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Mrs. Lander was buying fruit for Tu B’Shevat. Her local fruit store had designated a special section for Tu B’Shevat with a large sign: “Fruit of Israel.”

Mrs. Lander bought a box of dates with Hebrew and English writing on it. They were more expensive than the box of California dates on a nearby shelf, but she preferred Israeli produce for Tu B’Shevat.


When she got home, she started arranging the dates on a fruit platter and noticed that written in small letters on the back of the box were the words: “Product of Egypt.”

Mrs. Lander was furious. “The last thing I want is to eat Egyptian dates for Tu B’Shevat!” she exclaimed. She brought the half-used box back to the store the following day and demanded a refund.

The store owner refused, arguing that she opened the box and that his store sign, “Fruit of Israel,” simply meant that the fruits were of the sheva minim. Rabbi Dayan happened to be in the store so the storeowner and Mrs. Lander turned to him to make a decision.

Rabbi Dayan said, “The Terumas Hadeshen [#332], cited by the Rema, derives from the Gemara [Beitzah 7a] that if someone asked to buy meat from an animal that was raised a certain way, which is supposed to be tastier, but was sold meat from a regular animal, the sale is not considered ‘mistaken’ – a mekach ta’us – unless the customer is known to be particular to buy only the more delectable meat [Rema, Choshen Mishpat 233:1].

“The sale is valid since the food is essentially of the same type, and most people are not particular how an animal is raised. The seller does, however, have to return to the customer any differential in cost between the two meats, even if it’s less than a sixth [Pischei Teshuvah, Choshen Mishpat 233:1].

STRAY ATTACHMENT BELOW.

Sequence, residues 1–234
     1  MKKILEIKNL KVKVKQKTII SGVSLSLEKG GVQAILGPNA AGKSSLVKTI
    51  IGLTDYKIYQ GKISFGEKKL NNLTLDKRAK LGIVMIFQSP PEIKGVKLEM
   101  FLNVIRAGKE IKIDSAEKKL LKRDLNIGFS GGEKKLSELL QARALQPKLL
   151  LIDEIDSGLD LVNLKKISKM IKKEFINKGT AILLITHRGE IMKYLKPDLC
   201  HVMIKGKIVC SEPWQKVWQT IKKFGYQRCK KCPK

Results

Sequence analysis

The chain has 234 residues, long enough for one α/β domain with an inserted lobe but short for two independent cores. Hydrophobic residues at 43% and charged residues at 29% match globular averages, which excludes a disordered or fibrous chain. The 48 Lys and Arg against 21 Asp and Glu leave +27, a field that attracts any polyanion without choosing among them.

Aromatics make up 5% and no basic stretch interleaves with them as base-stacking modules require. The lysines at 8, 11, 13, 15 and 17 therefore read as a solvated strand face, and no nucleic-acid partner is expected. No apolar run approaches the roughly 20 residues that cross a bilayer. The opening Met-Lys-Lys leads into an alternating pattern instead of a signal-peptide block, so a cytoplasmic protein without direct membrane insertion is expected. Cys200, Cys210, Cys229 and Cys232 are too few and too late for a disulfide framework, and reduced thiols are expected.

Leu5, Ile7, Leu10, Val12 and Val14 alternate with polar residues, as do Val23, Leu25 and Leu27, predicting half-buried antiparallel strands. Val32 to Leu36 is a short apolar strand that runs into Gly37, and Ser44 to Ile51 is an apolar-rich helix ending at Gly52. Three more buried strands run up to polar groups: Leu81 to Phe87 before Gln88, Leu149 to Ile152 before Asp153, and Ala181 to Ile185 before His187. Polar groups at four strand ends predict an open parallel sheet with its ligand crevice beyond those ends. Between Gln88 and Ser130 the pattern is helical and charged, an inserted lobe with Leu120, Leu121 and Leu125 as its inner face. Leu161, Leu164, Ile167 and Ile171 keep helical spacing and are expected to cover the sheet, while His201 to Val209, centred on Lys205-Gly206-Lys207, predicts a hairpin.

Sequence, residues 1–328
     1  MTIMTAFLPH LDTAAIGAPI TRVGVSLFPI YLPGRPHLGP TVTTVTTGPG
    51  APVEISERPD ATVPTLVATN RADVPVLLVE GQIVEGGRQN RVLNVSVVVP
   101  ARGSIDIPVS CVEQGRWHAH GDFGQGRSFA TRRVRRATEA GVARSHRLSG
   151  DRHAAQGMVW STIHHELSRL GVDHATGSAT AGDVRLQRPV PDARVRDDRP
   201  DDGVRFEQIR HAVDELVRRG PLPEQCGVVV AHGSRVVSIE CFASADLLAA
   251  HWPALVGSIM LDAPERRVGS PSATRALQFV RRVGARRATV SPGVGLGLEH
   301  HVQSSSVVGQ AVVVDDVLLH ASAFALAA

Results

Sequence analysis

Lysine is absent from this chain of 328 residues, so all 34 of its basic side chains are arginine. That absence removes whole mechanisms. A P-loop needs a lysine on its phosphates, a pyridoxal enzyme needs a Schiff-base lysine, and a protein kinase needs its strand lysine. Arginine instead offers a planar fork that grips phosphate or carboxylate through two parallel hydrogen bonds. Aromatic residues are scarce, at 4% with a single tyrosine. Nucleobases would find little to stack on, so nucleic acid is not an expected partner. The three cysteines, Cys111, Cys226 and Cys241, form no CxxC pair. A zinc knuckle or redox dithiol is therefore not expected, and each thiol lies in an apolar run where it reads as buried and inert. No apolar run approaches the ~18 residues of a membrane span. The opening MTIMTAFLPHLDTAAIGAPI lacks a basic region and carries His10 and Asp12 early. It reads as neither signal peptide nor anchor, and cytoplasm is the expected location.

“Many Acharonim, though, question or reject the Rema’s ruling and compare this case to that of a person who asked to buy high-quality produce and was sold poor-quality produce instead; that’s a mekach ta’us [Bach 233:1; Nesivos 233:3; Aruch HaShulchan, Choshen Mishpat 233:4; Pischei Choshen, Geneivah 12:30].

“Most people are not particular to buy only fruit from Israel for Tu B’Shevat, so according to the Rema, the sale is valid and the seller only has to return any differential in price. Even the above mentioned Acharonim might agree since Mrs. Lander didn’t specifically ask for Israeli produce. However, if it’s clear that she was particular to buy only Israeli fruit, it would be considered a mekach ta’us.

“The truth is that Mrs. Lander could have checked the package despite the large sign in the store. Some authorities maintain regarding defective merchandise that if the customer could easily have seen the defect before buying the product, but didn’t bother checking, he no longer has a claim [Sma 232:10; Pischei Teshuvah 232:1].

“I should note,” concluded Rabbi Dayan, “that it’s prohibited to mislead people with false advertising even if there is no differential in price” [Choshen Mishpat 228:6; Sma 228:7].


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Rabbi Meir Orlian is a faculty member of the Business Halacha Institute, headed by HaRav Chaim Kohn, a noted dayan. To receive BHI’s free newsletter, Business Weekly, send an e-mail to [email protected]. For questions regarding business halacha issues, or to bring a BHI lecturer to your business or shul, call the confidential hotline at 877-845-8455 or e-mail [email protected].